The lyrics to two songs they’re hearing in the scene sum up a romance that is ultimately doomed, another too-precise though apparently heartfelt choice by Walsh. In “If There is Something,” with a chorus that repeats the refrain “when you were young,” Bryan Ferry trills I would do anything for you/ I would climb mountains/ I would swim all the oceans blue/ I would walk a thousand miles/ reveal my secrets more than enough for me to share....” (Joe’s untold secrets encompass the fact that Evelyn is a predator intent on seducing him when her husband’s at work.) During “It Ain’t Easy,” Bowie sings “When you get to the top of a mountain/ look all over the seas/ just think about all other places perhaps/ where a young man could be...” (The other place where Joe will soon be is Evelyn’s bedroom, when he skips a planned date with Ruth and easily succumbs to the older woman’s wiles.)

Portrayed by Jodhi May (The Last of the Mohicans (1992)) with astonishing raw intensity, Evelyn can only offer Joe a carnal quickie that will lead to long-lasting grief. It’s equally impossible to take your eyes off Felicity Jones (The Tempest (2010)), whose Ruth displays sensitivity and wit that might have been his salvation if he were not tragically misguided by lust. She delivers the best line of dialogue in the film when explaining to him why Bowie and Ferry matter so much: “Because they are gods!” With the wonderful exuberance of youth, what teen hasn’t worshipped at that altar in awe of some rock star or other? Her utter devotion won’t endure, of course, but understanding human nature through the prism of an exhilarating art form isn’t such a bad way to grow up.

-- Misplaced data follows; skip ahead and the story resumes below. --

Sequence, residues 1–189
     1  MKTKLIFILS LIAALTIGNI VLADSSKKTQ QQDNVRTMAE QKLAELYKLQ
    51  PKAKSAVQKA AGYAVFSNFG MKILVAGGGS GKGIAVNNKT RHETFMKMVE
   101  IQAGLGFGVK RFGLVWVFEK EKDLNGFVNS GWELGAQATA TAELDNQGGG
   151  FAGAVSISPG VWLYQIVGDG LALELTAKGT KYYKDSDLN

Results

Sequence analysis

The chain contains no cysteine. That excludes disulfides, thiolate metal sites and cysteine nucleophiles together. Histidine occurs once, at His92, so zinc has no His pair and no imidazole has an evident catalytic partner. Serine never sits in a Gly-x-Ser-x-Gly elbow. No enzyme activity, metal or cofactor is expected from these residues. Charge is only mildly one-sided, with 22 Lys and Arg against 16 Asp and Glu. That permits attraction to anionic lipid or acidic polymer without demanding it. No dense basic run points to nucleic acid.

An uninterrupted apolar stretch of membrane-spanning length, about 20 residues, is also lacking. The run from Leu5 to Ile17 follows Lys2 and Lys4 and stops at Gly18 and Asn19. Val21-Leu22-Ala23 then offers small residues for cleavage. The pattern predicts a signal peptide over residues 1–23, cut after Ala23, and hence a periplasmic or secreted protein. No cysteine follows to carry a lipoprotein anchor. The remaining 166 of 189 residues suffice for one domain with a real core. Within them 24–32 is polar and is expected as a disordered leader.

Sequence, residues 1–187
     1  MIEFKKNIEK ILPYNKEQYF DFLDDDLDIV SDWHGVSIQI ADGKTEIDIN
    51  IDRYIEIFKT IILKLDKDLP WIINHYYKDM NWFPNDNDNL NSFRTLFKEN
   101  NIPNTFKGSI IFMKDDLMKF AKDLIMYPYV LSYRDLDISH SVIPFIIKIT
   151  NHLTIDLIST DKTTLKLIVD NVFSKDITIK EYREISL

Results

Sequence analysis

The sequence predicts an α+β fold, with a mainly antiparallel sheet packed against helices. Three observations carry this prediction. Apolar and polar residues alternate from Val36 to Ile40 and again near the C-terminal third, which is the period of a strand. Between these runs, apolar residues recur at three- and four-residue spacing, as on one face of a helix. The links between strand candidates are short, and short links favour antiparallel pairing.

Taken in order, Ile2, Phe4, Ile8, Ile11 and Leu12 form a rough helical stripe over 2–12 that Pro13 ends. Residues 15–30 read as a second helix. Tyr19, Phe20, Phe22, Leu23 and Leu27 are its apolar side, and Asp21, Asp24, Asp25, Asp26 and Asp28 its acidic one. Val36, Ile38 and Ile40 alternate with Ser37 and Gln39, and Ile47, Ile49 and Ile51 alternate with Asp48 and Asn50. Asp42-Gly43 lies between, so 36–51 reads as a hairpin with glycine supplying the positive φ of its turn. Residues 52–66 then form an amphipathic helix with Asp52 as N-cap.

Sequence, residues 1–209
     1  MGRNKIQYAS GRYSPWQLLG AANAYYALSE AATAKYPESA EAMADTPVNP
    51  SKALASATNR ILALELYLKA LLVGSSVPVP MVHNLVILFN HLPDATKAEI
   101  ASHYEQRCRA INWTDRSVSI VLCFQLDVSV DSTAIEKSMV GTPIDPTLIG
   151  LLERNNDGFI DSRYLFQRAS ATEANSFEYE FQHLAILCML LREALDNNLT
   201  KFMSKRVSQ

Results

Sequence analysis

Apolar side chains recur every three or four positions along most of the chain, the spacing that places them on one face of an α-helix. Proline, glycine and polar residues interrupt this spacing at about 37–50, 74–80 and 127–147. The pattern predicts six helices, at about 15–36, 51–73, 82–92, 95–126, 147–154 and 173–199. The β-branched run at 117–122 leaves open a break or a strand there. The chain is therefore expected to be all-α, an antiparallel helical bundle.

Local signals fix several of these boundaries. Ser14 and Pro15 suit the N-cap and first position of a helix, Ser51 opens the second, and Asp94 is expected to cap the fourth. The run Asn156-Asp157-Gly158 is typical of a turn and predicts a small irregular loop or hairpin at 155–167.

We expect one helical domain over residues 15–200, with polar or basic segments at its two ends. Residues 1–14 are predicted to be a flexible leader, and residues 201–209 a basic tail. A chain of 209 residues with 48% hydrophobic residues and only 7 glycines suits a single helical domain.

Daniel Craig as the adult Joe Scot
Joe never does grow up, as he makes abundantly clear in the first act’s present time. Like the character central to “The Jean Genie,” he “smiles like a reptile.” Ophelia, his housekeeper, asks him: “Don’t you have any philosophies of life apart from self-indulgence?” In the third act, the story flashes forward again to a tentative but kindly moment of redemption – happily, not with the sort of overkill a similar Hollywood production would require. A friend of the director, Daniel Craig co-produced Flashbacks of a Fool and gave it a potentially bigger international draw by taking the lead role. But his cache as the new James Bond (Quantum of Solace came out a month later) wasn’t enough to sell tickets to this indie release, which earned less than $2,000 during a limited run in the United States. DVD shelves and late-night cable television were waiting. That’s a shame. The sequences with May and Jones are alone worth the price of admission.

This debut feature disappoints, primarily in that the pieces don’t fit together very well. But it does provide Baillie Walsh, who previously shot music videos for groups such as Oasis and INXS, with a calling card. He has a vivid imagination as a writer, knows how to encourage some exquisite performances and demonstrates a keen sense that the cultural icons of any generation are important because they are gods.

 Susan Green is a film critic and arts journalist based in Burlington, Vermont. She is the co-author with Kevin Courrier of Law & Order: The Unofficial Companion and with Randee Dawn of Law & Order Special Victims Unit: The Unofficial Companion.